The Republican National Committee voted on Thursday to leave the Commission on Presidential Debates, defying a decades-long nonpartisan debate framework that has hosted the highly regarded presidential debates.
For critics of the GOP’s descent into authoritarianism, it’s yet another indicator that the party is becoming increasingly antagonistic to democratic principles and content to erode citizen confidence in the possibility of unbiased public institutions.
In order to address perceived anti-GOP bias, the RNC voted to bar GOP presidential candidates from participating in debates sanctioned by the Commission on Presidential Debates.
“RNC is committed to free and fair debates”
“Debates are an important part of the democratic process, and the RNC is committed to free and fair debates,” RNC Chairwoman Ronna McDaniel said in a statement. “The Commission on Presidential Debates is biased and has refused to enact simple and commonsense reforms to help ensure fair debates including hosting debates before voting begins and selecting moderators who have never worked for candidates on the debate stage.”
McDaniels’ comment regarding the moderator is a reference to “would-be 2020 debate host Steve Scully of C-SPAN, who was an intern for Joe Biden for one month in 1978, when Biden was a senator from Delaware,” according to The Washington Post. (That debate was cancelled due to Covid concerns, which necessitated a virtual debate in which Donald Trump refused to participate.)
The Commission on Presidential Debates is not an apolitical, politically agnostic panel of judges — such an entity does not exist, because making claims about truth necessitates making value judgments. But it’s a bipartisan commission that’s been debating since 1988 and isn’t known for siding with one candidate over another. Keep in mind that Chris Wallace, a Fox News personality, hosted the first presidential debate in 2020. Leaving aside the merits of the committee’s decision, the claim that the commission was biased against the GOP rings false.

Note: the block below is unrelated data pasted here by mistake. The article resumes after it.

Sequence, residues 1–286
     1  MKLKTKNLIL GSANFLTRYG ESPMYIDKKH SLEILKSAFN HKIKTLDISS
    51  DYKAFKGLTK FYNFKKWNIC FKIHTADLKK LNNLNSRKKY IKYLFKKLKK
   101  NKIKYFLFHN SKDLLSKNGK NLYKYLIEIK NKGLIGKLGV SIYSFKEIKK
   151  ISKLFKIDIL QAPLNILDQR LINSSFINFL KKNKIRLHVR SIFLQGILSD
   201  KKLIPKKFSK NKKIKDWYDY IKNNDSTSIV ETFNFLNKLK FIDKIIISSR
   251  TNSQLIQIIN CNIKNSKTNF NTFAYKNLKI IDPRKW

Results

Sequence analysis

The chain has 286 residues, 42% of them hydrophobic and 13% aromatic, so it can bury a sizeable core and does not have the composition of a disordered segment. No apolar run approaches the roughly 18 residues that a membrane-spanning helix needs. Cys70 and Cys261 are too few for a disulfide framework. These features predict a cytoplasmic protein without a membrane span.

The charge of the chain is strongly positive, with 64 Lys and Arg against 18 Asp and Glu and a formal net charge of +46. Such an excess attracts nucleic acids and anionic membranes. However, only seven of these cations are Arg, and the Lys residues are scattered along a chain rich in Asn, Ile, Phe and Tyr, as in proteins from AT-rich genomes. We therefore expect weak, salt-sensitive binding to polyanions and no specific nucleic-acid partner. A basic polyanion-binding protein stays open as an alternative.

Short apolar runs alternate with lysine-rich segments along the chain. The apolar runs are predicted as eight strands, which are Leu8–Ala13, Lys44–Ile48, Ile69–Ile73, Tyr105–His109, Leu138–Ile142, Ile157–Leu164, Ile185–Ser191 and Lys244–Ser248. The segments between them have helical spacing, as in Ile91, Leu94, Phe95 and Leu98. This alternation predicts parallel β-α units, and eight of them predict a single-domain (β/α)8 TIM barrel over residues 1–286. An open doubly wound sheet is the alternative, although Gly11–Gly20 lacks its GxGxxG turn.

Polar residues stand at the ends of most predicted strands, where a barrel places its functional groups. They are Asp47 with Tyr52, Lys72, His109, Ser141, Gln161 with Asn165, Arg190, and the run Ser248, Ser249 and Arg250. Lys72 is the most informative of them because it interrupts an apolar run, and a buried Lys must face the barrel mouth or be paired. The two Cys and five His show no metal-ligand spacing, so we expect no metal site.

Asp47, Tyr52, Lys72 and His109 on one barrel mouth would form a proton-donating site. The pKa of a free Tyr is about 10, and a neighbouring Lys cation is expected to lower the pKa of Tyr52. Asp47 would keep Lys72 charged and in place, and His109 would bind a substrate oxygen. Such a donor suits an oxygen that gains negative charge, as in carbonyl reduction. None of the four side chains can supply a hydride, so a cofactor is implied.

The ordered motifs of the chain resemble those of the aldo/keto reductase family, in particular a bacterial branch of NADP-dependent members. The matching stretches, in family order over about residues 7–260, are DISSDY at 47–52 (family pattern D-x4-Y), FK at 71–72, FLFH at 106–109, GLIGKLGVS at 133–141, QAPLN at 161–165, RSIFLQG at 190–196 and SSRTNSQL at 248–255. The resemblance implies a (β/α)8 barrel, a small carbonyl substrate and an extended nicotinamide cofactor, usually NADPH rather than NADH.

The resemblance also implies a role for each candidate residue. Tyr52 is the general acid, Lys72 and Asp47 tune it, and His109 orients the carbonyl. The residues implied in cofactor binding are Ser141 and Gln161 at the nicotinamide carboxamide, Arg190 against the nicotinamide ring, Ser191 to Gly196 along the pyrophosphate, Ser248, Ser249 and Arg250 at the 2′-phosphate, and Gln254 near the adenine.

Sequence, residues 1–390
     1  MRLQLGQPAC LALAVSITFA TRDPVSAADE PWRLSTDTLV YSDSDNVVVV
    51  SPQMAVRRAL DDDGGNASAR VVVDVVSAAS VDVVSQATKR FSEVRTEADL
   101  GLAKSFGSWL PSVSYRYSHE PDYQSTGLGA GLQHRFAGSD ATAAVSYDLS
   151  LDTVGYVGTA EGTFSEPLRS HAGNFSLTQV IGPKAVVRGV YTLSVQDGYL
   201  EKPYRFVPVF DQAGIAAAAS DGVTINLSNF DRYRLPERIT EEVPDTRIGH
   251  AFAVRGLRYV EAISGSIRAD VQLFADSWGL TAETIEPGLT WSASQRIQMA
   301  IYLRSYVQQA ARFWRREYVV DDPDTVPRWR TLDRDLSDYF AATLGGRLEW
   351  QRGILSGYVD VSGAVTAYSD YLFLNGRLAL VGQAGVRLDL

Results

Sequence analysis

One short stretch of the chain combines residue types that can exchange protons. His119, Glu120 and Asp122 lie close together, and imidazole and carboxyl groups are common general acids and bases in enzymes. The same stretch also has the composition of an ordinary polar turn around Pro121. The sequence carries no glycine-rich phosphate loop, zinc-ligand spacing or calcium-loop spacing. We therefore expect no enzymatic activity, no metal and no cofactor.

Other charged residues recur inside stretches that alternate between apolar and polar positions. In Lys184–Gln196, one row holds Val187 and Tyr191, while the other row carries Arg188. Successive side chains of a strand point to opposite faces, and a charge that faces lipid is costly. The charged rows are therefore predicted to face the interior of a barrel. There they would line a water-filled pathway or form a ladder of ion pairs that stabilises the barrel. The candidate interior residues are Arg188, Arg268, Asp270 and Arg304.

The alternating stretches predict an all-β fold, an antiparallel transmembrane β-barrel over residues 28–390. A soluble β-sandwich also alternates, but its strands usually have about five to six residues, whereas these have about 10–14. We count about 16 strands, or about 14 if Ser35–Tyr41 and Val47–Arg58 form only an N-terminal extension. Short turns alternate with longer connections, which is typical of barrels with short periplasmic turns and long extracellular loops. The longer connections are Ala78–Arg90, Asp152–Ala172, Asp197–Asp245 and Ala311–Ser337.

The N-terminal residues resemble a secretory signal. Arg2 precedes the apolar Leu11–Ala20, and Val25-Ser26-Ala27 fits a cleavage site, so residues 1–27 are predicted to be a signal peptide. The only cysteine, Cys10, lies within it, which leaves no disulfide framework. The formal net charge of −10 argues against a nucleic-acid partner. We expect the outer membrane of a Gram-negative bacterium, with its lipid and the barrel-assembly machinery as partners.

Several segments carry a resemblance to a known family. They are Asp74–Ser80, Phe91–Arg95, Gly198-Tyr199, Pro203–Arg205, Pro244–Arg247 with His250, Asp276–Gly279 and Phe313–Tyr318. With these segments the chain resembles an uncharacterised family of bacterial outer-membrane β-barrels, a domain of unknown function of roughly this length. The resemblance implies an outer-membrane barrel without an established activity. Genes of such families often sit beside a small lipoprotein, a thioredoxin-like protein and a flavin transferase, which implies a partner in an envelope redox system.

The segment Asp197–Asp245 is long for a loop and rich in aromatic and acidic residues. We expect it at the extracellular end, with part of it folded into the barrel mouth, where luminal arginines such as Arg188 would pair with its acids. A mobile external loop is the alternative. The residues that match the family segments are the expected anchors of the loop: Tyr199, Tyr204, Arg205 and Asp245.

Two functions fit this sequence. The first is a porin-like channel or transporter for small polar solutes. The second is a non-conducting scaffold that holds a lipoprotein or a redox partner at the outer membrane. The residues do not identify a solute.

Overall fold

The Bottom Line
The Republican Party has not stated what kind of alternatives it will provide. The RNC wants to “sanction debates based on input from presidential campaigns and criteria that may include time, frequency, structure, media outlet, candidate qualifications, and the ‘best interest of the Republican Party,'” according to The Wall Street Journal. That second statement is concerning because it appears to imply that the GOP will only offer debate forums that benefit it in some way. This defeats the debate’s primary goal, which is to communicate one’s viewpoints and allow voters to choose which political vision they prefer.
It’s possible that Republican presidential nominees will go against their party’s wishes and join the Commission on Presidential Debates. It’s also possible that the RNC and the commission come to some sort of arrangement. It’s possible that the Democratic and Republican presidential candidates may personally negotiate debate terms and agree to take turns in ideologically friendly discussion sets throughout the course of a series of debates. Such an arrangement would be disastrous for democratic confidence since voters would once again be exposed to the concept that public institutions can’t be trusted unless they’re partisan. It’s also possible that they won’t take place at all, especially if Trump is re-nominated.
The RNC’s decision has created a bleak set of possibilities. Let us hope that this problem can be resolved in a reasonable manner.